In their quest for healthy eating, many Americans are turning to restrictive diets – from vegan to Paleo to low-carb – that they believe are the most "pure" or beneficial. But when people decide to go beyond these and severely limit the types of foods they consume, they could be putting themselves at risk for nutritional deficiencies.
People who obsessively refine and restrict their diet to conform to their ideal of what is healthy could be suffering from orthorexia nervosa – which translates from Greek as "correct appetite."
Although not an officially recognized disorder in the Diagnostic and Statistical Manual of Mental Disorders (DSM-5), orthorexia can be likened to clinically defined eating disorders, such as anorexia nervosa, says Charlotte Markey, a Rutgers University–Camden psychologist who teaches a course titled "The Psychology of Eating" and studies eating behaviors, body image and weight management. She is the author of "Smart People Don't Diet: How the Latest Science Can Help You Lose Weight Permanently."
Rutgers Today spoke with Markey about this condition, how to identify it and how it is best treated.
Rutgers Today: What is orthorexia?
Markey: Orthorexia is a form of maladaptive eating that can begin with good intentions: People start eliminating foods they consider "impure" or "bad" – sweets, sugars, carbohydrates – and before they know it, they are eating a highly limited diet. They think there is room for improvement and that they can always eat "healthier." They cut out sugar, then salt, then wheat, then dairy, and so on.
They become obsessed with what they should not be eating and keep whittling down the foods they will allow – which often impacts them socially since food is such a part of our social experiences. Since they think they are doing the "right" thing, they don't question that there might be a negative impact to their health.
Rutgers Today: What are the dangers of orthorexia?
Markey: What people don't realize is that many of those foods they are restricting, like carbohydrates, which are an important source of energy, really do serve a function. When diets become so restrictive, more than nutritional deficiencies can result: Orthorexics also can experience low energy and are at risk for depression. In severe cases, orthorexia eventually leads to malnourishment when critical nutrients are eliminated from the diet.
Rutgers Today: Can orthorexia be linked to other disorders clinically defined by the DSM-5?
Markey: In the past edition of the DSM, there was a category called "Eating Disorders Not Otherwise Specified." This classification would likely include people, like orthorexics, who are obsessed with food and how they eat.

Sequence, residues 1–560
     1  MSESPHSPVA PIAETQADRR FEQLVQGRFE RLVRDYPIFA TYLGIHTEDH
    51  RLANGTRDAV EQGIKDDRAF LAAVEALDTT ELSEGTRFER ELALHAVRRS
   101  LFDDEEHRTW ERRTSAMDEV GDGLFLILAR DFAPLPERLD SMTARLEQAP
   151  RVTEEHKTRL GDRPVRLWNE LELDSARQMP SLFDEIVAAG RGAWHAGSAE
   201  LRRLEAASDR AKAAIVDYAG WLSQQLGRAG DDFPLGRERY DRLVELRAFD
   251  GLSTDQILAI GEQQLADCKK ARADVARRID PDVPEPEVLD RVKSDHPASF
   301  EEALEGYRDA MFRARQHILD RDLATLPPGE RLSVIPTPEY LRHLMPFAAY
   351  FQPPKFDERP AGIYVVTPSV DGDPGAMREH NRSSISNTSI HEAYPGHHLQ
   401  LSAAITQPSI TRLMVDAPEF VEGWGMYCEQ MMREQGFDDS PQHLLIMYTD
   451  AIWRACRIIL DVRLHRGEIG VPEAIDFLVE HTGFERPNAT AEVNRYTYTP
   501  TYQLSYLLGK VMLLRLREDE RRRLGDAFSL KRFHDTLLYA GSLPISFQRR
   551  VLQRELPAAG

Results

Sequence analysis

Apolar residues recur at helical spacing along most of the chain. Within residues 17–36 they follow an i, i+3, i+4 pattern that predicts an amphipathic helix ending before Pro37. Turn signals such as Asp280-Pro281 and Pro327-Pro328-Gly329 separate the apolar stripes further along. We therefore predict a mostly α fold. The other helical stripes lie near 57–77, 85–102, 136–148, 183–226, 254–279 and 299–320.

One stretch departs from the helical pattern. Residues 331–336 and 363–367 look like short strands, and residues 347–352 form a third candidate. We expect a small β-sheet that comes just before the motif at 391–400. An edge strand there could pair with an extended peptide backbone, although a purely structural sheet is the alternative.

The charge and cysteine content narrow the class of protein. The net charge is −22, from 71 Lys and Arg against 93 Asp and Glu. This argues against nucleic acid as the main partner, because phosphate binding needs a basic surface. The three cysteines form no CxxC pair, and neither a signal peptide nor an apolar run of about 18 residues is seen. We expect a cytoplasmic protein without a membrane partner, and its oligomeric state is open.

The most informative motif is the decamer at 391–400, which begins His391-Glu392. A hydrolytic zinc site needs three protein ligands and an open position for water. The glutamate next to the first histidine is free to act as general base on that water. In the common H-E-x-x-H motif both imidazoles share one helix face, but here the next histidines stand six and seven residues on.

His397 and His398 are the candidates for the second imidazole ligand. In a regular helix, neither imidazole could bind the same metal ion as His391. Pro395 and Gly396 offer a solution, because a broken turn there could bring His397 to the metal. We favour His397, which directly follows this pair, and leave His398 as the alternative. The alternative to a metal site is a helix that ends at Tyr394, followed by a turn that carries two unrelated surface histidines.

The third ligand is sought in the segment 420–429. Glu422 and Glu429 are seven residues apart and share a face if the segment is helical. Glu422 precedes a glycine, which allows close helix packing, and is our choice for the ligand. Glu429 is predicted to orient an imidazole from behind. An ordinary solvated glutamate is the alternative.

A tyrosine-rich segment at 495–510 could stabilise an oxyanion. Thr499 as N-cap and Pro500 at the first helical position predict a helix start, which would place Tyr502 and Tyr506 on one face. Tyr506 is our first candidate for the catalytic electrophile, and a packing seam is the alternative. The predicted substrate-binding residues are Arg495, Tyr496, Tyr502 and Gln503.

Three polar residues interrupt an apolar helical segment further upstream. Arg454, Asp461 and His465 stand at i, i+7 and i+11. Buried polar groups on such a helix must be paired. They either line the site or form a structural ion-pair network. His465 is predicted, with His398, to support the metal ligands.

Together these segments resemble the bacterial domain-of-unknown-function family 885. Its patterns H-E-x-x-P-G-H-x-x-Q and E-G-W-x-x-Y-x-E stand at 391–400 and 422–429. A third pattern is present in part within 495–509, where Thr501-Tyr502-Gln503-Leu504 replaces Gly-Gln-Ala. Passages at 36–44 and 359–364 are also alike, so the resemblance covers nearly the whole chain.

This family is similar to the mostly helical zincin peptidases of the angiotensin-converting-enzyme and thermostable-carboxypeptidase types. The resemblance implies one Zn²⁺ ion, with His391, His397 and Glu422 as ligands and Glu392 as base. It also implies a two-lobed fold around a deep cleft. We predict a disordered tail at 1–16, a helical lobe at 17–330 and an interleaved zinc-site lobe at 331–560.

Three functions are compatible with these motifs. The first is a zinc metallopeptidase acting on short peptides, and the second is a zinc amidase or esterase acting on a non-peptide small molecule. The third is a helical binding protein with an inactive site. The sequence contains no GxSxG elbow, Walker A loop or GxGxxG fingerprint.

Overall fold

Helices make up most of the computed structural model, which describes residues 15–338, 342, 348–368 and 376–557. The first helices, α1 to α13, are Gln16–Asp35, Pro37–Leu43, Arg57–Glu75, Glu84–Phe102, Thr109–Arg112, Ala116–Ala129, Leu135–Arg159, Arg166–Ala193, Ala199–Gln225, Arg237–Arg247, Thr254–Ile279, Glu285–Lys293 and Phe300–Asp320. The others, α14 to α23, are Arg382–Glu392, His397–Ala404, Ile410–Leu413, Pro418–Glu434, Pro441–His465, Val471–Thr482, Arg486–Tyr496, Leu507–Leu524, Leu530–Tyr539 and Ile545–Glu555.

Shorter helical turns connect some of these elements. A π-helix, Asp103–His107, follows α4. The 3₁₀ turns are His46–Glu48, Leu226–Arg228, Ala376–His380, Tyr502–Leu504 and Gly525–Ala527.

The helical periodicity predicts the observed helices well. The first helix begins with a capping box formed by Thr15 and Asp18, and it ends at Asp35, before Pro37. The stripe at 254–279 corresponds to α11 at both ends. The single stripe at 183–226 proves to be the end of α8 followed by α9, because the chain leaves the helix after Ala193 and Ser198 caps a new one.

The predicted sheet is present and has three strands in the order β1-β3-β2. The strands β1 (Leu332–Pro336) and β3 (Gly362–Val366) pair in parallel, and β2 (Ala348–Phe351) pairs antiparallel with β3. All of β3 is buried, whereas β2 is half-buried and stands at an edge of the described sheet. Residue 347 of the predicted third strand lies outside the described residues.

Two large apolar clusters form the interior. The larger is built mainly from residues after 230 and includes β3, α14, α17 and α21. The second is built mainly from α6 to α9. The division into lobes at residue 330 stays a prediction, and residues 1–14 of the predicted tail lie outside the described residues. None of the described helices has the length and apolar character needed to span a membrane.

Anorexia nervosa can be similar psychologically to orthorexia in the respect that they are both a restrictive obsession when it comes to food – it's just that orthorexics are more concerned with the quality of food rather than quantity. Anorexics eat far fewer calories than orthorexics, who oftentimes look "normal" in terms of weight.
Rutgers Today: How can people tell if they or someone they love is orthorexic?
Markey: The nutritional effects of this extreme dieting are not often obvious, but behavioral changes can be a red flag. What differentiates orthorexics from people who, say, avoid GMOs, are vegan or consume only organic foods, is that the quest for a healthy diet takes over their lives. They spend an inordinate amount of time thinking about food or they avoid social situations so as not to be tempted to eat the foods they are restricting.
It's time to be concerned when someone's life is being negatively affected or there is evidence of the person being distraught.
Rutgers Today: How is orthorexia treated?
Markey: I advise a two-pronged approach to treatment. A registered dietitian can assess whether a person is being deprived of key nutrients and, if so, help him or her structure a diet that is more rounded. The person should also find a counselor who specializes in eating disorders. Often, when people engage in negative eating patterns there is an underlying mental health issue. Maladaptive eating behaviors can be linked with depression, addictions and even anxiety disorders such as obsessive compulsive disorder, which can be treated successfully with both medication and cognitive-behavioral therapy.
While we want people to eat healthily, we don't want any eating pattern to become such an obsession that it detracts from their psychological, and even physical, health.
Provided by Rutgers University